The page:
A 4.3 magnitude earthquake was reported near Cherokee at 9:08 a.m. on Thursday. This comes after the Oklahoma Corporation Commission directed SandRidge Energy to shut down an injection well in Alfalfa County on Tuesday.
The well was shut down due to a magnitude 4.1 earthquake recorded in the area on Friday. It’s the second active wastewater injection well to be shut down since 2003, when a new monitoring system was put into place.
Oklahoma’s earthquakes are continuing to increase. In 2011 Oklahoma experienced the largest earthquake in state history, magnitude 5.7. That year there were 63 quakes of magnitude 3 or greater.
2012 was a bit quieter with 34 earthquakes of magnitude 3 or greater. However, in 2013 earthquakes increased again with 106 of magnitude 3 or greater. And in 2014 the number jumped to 567 quakes of magnitude 3 or greater.
While studies continue to link the increase in earthquakes to injection wells, the state has been slow to address the issue. The oil and gas industry accounts for a third of the state’s economy and one in five jobs, making state officials slow to enact more regulations on the industry.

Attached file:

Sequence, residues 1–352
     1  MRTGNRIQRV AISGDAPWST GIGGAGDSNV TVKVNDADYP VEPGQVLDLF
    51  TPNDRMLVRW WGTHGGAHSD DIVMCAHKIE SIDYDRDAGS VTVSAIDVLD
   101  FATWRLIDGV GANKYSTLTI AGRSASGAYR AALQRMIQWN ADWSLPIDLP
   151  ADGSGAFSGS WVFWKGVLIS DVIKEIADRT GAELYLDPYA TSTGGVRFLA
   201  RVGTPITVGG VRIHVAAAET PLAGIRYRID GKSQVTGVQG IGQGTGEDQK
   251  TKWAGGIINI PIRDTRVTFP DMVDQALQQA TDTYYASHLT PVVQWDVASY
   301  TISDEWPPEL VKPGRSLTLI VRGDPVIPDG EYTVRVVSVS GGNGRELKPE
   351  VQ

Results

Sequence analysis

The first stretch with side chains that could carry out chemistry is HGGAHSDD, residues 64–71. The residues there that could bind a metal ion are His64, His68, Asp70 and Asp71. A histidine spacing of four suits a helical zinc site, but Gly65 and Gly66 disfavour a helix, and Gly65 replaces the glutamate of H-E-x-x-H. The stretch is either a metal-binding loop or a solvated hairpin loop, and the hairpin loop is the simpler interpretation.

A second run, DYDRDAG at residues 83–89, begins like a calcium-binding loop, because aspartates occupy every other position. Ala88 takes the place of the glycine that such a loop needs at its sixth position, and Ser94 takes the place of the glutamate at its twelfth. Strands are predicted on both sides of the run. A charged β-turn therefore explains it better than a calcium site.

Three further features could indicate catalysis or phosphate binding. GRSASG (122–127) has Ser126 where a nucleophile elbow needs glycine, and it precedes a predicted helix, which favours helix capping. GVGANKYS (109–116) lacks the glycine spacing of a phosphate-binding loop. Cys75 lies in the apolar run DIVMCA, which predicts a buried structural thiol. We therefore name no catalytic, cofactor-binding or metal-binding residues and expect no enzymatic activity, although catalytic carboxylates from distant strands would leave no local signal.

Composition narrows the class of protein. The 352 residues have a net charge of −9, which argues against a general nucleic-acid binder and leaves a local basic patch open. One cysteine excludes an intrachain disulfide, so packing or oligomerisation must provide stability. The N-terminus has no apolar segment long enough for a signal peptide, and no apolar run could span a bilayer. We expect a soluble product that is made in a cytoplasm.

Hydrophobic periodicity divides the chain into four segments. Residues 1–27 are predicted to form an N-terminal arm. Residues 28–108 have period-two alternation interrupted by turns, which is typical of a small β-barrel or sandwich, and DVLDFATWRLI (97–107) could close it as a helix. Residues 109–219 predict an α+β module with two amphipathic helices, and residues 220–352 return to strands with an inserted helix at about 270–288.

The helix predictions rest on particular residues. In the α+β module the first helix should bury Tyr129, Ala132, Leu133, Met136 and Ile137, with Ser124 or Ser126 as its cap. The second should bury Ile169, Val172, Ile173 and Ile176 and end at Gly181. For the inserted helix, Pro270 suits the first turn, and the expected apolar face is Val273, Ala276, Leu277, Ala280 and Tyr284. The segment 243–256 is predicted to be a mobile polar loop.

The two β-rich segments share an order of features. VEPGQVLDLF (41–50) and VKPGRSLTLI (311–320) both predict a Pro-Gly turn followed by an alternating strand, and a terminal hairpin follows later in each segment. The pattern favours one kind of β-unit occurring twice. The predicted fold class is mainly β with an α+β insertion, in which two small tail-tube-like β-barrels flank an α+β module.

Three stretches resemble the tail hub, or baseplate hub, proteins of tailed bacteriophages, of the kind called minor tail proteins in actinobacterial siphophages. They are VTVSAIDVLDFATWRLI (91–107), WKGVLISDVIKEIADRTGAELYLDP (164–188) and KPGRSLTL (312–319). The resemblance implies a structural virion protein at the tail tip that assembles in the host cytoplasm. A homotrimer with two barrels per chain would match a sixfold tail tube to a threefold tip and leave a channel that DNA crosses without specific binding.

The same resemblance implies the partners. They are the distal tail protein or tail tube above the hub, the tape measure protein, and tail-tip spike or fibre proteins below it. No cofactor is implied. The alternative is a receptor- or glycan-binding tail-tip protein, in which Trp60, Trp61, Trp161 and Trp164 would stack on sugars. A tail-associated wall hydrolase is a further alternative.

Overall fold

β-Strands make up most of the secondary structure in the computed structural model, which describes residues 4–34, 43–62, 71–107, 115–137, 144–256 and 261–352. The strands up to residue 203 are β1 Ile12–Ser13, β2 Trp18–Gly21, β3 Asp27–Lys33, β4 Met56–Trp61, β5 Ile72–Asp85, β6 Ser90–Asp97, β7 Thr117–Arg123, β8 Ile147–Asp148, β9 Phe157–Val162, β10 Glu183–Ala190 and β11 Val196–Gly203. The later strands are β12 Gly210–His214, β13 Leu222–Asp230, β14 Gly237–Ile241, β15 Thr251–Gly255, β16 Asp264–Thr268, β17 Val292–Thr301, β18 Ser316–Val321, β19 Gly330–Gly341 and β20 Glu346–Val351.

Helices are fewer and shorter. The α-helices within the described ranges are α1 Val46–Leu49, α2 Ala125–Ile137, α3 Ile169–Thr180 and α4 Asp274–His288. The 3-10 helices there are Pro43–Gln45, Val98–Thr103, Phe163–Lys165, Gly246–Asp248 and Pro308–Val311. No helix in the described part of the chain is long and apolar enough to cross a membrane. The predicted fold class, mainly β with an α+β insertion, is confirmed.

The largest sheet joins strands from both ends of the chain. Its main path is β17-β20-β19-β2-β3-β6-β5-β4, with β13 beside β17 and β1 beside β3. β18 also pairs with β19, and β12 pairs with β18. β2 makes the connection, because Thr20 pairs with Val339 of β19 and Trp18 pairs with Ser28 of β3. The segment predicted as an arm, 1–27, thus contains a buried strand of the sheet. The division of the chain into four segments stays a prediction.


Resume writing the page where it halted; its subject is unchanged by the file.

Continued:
In September of last year Gov. Fallin created a seismic activity council to study the issue. However, some have criticized the council because they believe the oil and natural gas industry is too heavily represented.
“I applaud the governor for proposing the council, but its membership needs to be expanded to include someone other than just people beholden to the oil and gas industry,” . Sen. Jerry Ellis, D-Valliant said. –read more
How Oklahoma handles the earthquake increase and the oil and natural gas industry could also come from the Oklahoma Supreme Court. The state’s highest court is set to decide if two oil companies can be held liable for injuries a woman received from the 2011 5.7 magnitude earthquake.
Map Credit: U.S. Geological Survey
Department of the Interior/USGS